‘The Soul of Poland’ at the National Museum in Poznań

An unexpected encounter before heading to the National Museum in Poznań

After an epic 28,000 step day in Warsaw, my wonky ankle needed a break. I decided to cab it to the National Museum in Poznań where I could walk at my own pace. As I was waiting for my cab, I ended up chatting with a woman who had asked where I was going. When I told her, she looked pleasantly surprised and nodded slowly. “Good. It is important to go there to understand the soul of Poland. You will see many Polish artists there on the first two floors, and much of the paintings will be about war.”

Three women sit on a bench looking at a painting in the National Museum in Poznań Poland

A conversation ensued which involved how Poland’s borders have changed radically over the centuries, and how the country had been in an almost constant state of flux and torn by the ravages of war. “Polish women are very important in our culture because of all these wars,” she said. “There were no men left. Either they were soldiers, or they were killed, or they were in hiding in the forest. Women did everything. Sometimes they were the only connection between father and children because fathers were hiding and the women had to bring food and water. Women kept everything together. This is why so many churches here are dedicated to Mary.”

I was rapt immediately, and I started hoping my cab would take a long time.

She laughed, “People say, ‘Why Polish women are so strong-willed, and so hard and stubborn?’ We *had* to be, and so we did.”

World War II and the Soviet years still hang in the air here, not yet passed into distant history. “Think about this, we are here between Germany and Russia,” she held out her hands – one on one side, and one on the other. “We have to be strong.” I told her I couldn’t imagine what that was like, and how it has so deeply affected their culture and thinking.

“The Germans could be bribed in the war,” she said, “by jewelry, or by food, or if nothing else worked, by your beauty. But the Russians…” she made a visible shudder. “The Russians, no. They were just cruel. No mercy.”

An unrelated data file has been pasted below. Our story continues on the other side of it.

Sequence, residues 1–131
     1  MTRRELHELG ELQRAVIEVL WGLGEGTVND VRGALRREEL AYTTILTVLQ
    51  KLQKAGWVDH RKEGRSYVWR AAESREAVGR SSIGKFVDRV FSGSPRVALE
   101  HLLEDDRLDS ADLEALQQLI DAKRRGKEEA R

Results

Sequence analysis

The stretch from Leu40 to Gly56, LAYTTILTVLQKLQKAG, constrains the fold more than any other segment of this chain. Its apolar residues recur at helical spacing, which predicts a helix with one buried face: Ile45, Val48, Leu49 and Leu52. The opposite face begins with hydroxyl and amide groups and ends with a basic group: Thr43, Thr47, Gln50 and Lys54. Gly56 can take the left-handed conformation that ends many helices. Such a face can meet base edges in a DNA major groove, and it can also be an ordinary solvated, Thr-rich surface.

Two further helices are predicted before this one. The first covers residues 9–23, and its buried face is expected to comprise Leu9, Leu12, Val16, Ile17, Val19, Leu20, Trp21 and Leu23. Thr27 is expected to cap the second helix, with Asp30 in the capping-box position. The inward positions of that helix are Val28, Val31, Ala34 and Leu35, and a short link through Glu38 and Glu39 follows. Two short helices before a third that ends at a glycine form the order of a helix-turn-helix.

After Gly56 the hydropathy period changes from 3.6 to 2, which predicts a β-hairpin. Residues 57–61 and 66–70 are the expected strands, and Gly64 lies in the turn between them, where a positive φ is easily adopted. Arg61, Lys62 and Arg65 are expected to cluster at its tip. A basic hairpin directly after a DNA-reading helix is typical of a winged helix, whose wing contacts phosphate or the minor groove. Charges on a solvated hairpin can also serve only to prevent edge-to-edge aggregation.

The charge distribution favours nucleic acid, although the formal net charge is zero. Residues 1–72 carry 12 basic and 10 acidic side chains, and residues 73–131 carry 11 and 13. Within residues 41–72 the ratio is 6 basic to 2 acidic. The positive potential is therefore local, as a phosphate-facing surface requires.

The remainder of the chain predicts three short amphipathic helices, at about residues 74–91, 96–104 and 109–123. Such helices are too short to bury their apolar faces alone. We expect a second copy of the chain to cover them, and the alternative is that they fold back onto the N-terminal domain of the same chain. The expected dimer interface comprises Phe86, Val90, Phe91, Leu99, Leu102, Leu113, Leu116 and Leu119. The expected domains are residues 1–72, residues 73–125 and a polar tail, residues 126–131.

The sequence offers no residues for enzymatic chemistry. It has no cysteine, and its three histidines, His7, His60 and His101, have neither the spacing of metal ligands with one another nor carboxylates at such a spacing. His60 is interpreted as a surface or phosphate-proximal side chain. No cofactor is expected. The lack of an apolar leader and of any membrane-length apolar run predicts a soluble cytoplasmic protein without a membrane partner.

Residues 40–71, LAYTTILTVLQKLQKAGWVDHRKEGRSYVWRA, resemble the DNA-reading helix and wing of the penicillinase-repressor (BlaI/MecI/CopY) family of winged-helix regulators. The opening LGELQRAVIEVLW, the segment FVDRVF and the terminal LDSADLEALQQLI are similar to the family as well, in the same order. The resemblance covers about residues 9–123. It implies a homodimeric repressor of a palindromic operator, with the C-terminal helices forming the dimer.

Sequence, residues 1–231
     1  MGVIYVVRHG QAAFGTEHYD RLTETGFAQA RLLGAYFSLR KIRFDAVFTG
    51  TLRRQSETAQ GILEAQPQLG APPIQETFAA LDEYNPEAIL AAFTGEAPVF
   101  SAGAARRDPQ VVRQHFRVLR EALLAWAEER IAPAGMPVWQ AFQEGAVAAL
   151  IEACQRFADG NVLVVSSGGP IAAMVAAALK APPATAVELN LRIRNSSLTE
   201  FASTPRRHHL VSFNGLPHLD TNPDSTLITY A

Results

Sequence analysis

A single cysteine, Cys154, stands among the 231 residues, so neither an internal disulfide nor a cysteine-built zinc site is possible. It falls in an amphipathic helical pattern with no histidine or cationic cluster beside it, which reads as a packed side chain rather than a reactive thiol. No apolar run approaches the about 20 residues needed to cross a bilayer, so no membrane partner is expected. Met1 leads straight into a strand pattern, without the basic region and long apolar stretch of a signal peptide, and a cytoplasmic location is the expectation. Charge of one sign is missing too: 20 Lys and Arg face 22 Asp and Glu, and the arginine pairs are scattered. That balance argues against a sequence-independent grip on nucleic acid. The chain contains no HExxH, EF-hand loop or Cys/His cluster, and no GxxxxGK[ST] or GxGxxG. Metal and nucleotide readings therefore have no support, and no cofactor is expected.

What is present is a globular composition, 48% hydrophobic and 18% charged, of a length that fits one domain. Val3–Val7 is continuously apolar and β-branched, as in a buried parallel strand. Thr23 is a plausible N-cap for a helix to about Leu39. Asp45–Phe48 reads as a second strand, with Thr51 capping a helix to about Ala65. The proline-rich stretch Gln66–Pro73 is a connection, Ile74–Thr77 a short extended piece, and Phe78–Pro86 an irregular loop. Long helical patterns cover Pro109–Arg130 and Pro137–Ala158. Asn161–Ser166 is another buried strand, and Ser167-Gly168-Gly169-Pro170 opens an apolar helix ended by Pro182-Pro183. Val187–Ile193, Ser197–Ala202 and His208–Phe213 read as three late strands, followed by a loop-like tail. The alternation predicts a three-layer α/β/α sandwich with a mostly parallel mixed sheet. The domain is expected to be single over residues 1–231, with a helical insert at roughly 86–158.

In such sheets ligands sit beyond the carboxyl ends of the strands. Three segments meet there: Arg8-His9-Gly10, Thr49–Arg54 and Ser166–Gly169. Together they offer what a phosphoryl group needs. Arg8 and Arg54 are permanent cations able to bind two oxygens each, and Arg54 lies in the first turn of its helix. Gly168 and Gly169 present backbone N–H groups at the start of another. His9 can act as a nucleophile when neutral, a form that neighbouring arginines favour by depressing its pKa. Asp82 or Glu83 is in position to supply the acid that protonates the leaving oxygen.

“Like in Ukraine,” I said. and she nodded, “Yes, just as today.”

She told me about how her family had been forced to house two Nazi SS officers in their farm house near Poznań, and that they were already hiding a Jewish family there. I asked what had happened, almost dreading the answer. But her family somehow managed to keep them all hidden for TWO YEARS before the war ended and the officers fled. “They lived!” she said, proudly. “And they moved to Israel, and they have planted a tree for my family. It is beautiful. You should always help people if you can help them.”

“But my grandfather and my uncle, they were taken to Auschwitz,” she went on. “They were not Jewish, they were lawyers. But for the Nazis they did not only take Jews, they took anyone who could think.”

And to my heartbreak, my cab pulled up, and we went our separate ways. She told me to enjoy the museum, and I thanked her for the conversation. I sat in the cab trying to absorb it all and spent the whole ride to the museum typing into my phone everything I could remember, and exactly what she said.

Through this lens and this meeting, I saw every painting in the Polish galleries in a new way. Not only the paintings of war and pain and grief, but almost every painting was dark. No Gauguin tropical colors, no Monet muted pastels. All shadows and night and deep pigments – from landscapes, to portraits, to abstract – weighted with sadness. Some of the paintings required a full 15 or 20 seconds before your eyes adjusted and you could see through the inkiness and the scene revealed itself.

I will always be grateful for that chance encounter which made me “understand the soul of Poland” more than even the National Museum in Poznan could.

This amazing museum held many surprises.

A Stolen Monet!

There was even a Monet with quite a story. A man stole the painting in 2000 by cutting it out of its frame and replacing it with a copy painted on cardboard. It took 10 years to finally recover it! The thief, 41 at the time of his arrest, left fingerprints that ultimately helped to identify him. He confessed to the crime, and apparently had just wanted the painting for himself. I mean, we’d all love a Monet, but few go that far!

Not only did the art in the Polish galleries blow me away, so did the impressive collection from across Europe.

The National Museum in Poznań blends local, regional, and European art from many ages. The experience definitely merits a few hours of your time to discover the soul of Poland and so much more!

For another unexpected treasure in Poznań, read the legend of its famous goat clock HERE. And for a more comprehensive list of lots of great things to do in Poznań, check out our post HERE!